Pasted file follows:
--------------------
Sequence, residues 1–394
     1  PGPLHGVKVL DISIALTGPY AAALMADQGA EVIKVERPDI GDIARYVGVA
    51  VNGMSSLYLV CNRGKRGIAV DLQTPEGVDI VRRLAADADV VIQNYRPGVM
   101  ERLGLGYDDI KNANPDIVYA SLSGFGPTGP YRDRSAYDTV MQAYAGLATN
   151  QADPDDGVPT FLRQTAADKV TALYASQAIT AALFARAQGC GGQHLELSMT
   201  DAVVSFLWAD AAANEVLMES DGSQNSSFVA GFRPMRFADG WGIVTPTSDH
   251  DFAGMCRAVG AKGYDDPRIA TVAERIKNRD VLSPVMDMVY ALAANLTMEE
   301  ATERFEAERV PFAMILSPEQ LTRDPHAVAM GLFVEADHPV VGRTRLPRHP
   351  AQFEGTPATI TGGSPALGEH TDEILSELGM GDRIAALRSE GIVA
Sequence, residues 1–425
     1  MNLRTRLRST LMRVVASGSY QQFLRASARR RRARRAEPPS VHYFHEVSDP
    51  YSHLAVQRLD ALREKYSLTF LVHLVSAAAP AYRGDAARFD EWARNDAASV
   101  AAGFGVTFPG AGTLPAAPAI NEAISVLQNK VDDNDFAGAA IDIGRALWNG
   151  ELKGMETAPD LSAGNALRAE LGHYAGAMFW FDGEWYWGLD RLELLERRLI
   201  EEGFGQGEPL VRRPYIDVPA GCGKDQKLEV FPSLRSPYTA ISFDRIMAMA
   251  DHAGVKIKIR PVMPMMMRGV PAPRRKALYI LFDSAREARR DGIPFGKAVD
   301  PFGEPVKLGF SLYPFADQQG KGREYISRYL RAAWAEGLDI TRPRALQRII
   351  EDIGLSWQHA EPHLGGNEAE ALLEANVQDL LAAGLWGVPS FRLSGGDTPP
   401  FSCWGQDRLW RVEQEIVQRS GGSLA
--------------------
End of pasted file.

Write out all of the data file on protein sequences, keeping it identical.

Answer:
Sequence, residues 1–394
     1  PGPLHGVKVL DISIALTGPY AAALMADQGA EVIKVERPDI GDIARYVGVA
    51  VNGMSSLYLV CNRGKRGIAV DLQTPEGVDI VRRLAADADV VIQNYRPGVM
   101  ERLGLGYDDI KNANPDIVYA SLSGFGPTGP YRDRSAYDTV MQAYAGLATN
   151  QADPDDGVPT FLRQTAADKV TALYASQAIT AALFARAQGC GGQHLELSMT
   201  DAVVSFLWAD AAANEVLMES DGSQNSSFVA GFRPMRFADG WGIVTPTSDH
   251  DFAGMCRAVG AKGYDDPRIA TVAERIKNRD VLSPVMDMVY ALAANLTMEE
   301  ATERFEAERV PFAMILSPEQ LTRDPHAVAM GLFVEADHPV VGRTRLPRHP
   351  AQFEGTPATI TGGSPALGEH TDEILSELGM GDRIAALRSE GIVA
Sequence, residues 1–425
     1  MNLRTRLRST LMRVVASGSY QQFLRASARR RRARRAEPPS VHYFHEVSDP
    51  YSHLAVQRLD ALREKYSLTF LVHLVSAAAP AYRGDAARFD EWARNDAASV
   101  AAGFGVTFPG AGTLPAAPAI NEAISVLQNK VDDNDFAGAA IDIGRALWNG
   151  ELKGMETAPD LSAGNALRAE LGHYAGAMFW FDGEWYWGLD RLELLERRLI
   201  EEGFGQGEPL VRRPYIDVPA GCGKDQKLEV FPSLRSPYTA ISFDRIMAMA
   251  DHAGVKIKIR PVMPMMMRGV PAPRRKALYI LFDSAREARR DGIPFGKAVD
   301  PFGEPVKLGF SLYPFADQQG KGREYISRYL RAAWAEGLDI TRPRALQRII
   351  EDIGLSWQHA EPHLGGNEAE ALLEANVQDL LAAGLWGVPS FRLSGGDTPP
   401  FSCWGQDRLW RVEQEIVQRS GGSLA